Hydrogen sulphide (rotten egg smell) along with nitric oxide can soon act as a treatment for heart problems, finds study.
Researchers at the Peninsula Medical School at the University of Exeter and the National University of Singapore found that the interaction between hydrogen sulphide and nitric oxide, which both occur naturally in the body, could lead to new treatments for heart failure.
Both of the gases interact with one another naturally and the researchers found that the balance between them and other chemical compounds influences people's health.
The two gases were found to interact together to form a thiol-sensitive compound (linked to the sulphur in H2S) which produces inotropic (muscular contraction) and lusitropic (muscular relaxation) effects in the heart.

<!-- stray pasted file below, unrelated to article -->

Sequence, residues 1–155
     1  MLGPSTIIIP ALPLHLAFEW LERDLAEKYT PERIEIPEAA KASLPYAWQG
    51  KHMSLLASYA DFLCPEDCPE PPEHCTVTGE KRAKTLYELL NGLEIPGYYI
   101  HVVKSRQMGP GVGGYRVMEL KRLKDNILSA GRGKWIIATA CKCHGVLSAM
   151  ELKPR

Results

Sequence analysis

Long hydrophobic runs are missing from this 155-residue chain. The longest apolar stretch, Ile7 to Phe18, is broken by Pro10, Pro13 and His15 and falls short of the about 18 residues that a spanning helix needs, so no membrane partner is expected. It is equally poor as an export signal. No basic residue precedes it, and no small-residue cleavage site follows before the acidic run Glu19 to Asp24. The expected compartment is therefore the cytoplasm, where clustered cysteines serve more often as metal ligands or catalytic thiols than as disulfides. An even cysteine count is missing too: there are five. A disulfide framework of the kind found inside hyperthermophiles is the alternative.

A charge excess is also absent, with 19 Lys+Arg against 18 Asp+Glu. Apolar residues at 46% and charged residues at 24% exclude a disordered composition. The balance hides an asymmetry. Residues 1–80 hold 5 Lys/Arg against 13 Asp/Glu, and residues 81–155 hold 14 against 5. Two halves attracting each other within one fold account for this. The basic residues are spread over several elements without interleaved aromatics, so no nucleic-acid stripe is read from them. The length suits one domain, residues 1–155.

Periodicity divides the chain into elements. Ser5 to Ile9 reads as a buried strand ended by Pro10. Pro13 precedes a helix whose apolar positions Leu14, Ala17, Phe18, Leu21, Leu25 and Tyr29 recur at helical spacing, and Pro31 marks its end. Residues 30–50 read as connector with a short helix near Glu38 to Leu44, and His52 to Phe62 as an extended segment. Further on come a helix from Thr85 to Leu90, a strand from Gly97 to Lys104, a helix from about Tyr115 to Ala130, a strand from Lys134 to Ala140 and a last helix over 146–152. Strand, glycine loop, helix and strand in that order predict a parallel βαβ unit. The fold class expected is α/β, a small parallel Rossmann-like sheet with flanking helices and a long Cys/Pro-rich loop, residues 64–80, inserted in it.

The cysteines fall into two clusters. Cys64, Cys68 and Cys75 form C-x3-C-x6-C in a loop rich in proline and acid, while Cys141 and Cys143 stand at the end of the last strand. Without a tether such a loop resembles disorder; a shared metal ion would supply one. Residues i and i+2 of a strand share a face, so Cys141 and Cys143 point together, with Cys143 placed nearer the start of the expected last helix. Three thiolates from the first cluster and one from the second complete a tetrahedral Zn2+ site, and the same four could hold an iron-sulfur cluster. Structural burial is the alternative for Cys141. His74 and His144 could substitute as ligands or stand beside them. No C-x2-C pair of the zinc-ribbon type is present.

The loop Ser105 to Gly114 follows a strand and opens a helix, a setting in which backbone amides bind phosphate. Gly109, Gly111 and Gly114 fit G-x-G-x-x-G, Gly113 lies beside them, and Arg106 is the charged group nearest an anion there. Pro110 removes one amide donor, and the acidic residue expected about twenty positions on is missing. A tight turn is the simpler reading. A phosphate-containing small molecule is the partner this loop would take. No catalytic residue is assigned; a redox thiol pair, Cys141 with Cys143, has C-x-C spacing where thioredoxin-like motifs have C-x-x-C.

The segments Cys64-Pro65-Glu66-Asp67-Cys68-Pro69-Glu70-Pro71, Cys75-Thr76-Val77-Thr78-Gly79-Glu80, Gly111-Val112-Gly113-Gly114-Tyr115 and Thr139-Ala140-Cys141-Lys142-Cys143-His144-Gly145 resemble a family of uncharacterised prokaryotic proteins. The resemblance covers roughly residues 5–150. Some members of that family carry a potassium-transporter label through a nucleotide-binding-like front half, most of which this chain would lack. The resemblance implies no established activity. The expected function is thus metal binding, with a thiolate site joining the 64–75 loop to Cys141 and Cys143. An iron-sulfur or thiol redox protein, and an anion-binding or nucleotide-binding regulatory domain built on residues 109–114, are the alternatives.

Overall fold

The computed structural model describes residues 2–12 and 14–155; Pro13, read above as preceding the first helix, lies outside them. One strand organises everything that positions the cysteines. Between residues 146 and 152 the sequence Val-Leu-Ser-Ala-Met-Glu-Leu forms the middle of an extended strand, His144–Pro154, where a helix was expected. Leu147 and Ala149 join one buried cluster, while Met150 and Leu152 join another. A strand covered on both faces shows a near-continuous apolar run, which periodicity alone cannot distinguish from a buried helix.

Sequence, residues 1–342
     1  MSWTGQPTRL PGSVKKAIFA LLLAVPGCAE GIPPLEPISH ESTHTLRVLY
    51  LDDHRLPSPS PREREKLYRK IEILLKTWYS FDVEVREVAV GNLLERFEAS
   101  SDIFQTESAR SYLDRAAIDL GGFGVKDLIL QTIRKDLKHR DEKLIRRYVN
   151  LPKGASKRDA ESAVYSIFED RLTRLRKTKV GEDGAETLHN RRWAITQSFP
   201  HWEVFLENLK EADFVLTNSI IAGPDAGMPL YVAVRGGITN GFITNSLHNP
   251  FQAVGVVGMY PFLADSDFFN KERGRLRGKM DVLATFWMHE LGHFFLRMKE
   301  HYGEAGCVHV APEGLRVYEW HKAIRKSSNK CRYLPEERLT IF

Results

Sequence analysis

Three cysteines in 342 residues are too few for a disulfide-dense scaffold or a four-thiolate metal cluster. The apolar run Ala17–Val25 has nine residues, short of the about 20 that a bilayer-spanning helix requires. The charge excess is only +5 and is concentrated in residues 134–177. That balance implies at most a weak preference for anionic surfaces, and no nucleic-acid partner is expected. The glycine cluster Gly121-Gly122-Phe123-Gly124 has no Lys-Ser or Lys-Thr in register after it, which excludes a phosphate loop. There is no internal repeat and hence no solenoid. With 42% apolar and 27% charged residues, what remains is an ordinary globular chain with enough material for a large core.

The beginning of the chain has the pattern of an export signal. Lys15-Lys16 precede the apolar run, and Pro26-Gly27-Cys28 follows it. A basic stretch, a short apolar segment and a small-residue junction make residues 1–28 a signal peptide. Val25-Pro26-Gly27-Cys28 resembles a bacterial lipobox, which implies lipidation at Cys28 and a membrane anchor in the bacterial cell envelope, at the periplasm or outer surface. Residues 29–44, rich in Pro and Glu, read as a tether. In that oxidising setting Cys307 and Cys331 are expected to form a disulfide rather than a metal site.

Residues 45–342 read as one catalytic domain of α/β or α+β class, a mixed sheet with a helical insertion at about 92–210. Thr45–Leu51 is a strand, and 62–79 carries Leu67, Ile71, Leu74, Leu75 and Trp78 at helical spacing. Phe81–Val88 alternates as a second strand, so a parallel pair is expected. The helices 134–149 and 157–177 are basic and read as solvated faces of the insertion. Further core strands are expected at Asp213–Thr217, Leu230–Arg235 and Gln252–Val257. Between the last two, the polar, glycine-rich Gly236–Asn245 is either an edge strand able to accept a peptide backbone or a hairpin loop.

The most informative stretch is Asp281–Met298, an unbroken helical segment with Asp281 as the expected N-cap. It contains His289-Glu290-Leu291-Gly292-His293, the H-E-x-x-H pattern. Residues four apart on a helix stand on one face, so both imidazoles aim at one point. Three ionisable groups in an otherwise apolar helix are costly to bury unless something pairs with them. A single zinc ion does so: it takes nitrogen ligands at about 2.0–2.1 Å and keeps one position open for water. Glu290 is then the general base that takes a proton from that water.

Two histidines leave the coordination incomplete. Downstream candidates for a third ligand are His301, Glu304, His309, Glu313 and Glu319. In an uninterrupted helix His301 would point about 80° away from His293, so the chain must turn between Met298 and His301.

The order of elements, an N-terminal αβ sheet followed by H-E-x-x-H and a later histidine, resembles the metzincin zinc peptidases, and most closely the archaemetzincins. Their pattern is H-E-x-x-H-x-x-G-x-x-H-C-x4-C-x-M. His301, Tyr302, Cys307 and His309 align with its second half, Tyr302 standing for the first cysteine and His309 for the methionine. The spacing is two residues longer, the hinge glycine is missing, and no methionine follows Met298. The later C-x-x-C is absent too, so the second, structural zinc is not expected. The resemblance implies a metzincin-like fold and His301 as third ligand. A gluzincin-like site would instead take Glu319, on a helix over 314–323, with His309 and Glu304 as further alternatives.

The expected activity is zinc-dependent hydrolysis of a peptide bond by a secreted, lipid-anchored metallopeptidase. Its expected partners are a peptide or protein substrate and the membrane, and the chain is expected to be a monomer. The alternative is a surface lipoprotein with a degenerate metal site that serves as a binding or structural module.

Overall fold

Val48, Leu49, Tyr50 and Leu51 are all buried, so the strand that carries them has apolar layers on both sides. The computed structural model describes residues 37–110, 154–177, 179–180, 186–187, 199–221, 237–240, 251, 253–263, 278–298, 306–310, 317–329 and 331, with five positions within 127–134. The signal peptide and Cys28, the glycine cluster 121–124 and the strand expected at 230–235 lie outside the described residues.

This 'cross talk' suggests that there is the potential to produce a molecule that may be of benefit to the heart and which could be the basis of a new drug therapy based on elements that occur naturally in the body.
"Our findings are potentially very exciting and offer a novel insight into understanding how and why the heart fails. This could lead to new treatment and management strategies of heart failure," said Prof. Matt Whiteman, joint author from the Peninsula Medical School.
The research is published in the leading international journal Antioxidants and Redox Signaling.